Michael Slater, the Oregon-based deputy director of the national registration group Project Vote, said officials of the Justice Department's civil rights division showed little interest in enforcing that part of the law.
He said the groups' representatives told the Justice Department officials: "Look, we have physical hard evidence that states aren't doing this. They're taking their eye off the ball. We want to see some enforcement."
Slater said [Bush-appointee to the DoJ Civil Rights division, Hans] von Spakovsky listened quietly and then made comments to the effect of "hmmm" and "that's interesting," but took no action.
Emails from Von Spakovsky recently revealed that he was also busy strong-arming and attempting "deals" with the U.S. Election Assistance Commission (EAC) on a number of issues concerning disenfranchising Photo ID poll restrictions around that same time. For his efforts in all of the above, of course, von Spakovsky would later be recess-appointed by Bush to chair the Federal Elections Commission (FEC). We yelled about that appointment back in January of 2006 when nobody was listening.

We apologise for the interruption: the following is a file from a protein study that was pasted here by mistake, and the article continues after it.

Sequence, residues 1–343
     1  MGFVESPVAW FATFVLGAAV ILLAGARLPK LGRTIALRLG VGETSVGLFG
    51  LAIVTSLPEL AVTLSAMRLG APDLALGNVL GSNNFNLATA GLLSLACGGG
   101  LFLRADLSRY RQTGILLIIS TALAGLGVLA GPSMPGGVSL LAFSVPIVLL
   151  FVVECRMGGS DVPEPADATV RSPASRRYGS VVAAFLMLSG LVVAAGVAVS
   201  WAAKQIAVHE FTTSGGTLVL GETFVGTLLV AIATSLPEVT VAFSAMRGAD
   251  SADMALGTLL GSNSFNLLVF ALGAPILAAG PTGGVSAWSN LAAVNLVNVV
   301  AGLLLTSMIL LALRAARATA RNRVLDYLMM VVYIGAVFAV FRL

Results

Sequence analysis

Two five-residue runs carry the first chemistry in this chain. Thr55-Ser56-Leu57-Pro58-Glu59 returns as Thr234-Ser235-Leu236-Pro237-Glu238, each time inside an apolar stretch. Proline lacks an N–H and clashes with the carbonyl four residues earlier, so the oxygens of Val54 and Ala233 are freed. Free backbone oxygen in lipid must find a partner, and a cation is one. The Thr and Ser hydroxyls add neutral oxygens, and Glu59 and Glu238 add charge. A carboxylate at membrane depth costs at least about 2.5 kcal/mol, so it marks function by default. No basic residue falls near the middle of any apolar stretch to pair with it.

A sampling of the extraordinary disparity in numbers of voter registrations taken by government agencies under the Clinton DoJ v. Bush DoJ...
And as Gordon had reported earlier this week for McClatchy (in a story subsequently altered and butchered by the partisan Kansas City Star when they ran it in their pages, as we reported here), the Bush DoJ "sued election officials in seven states - Alabama, Georgia, Indiana, Maine, Missouri, New Jersey and New York - and sent threatening letters to others, in some cases demanding copies of voter registration data."
While "researchers have found no evidence of widespread voter fraud," Gordon reported, "no lawsuits have targeted states whose elections were managed solely by Republican officials."
Oh...and in Michigan, where the Republican Sec. of State set up an aggressive program to purge ineligible voters from the rolls, such as those who had died, "A public records request to the state showed that about 400 people who got notices that they were dead telephoned a hot line to say they weren't."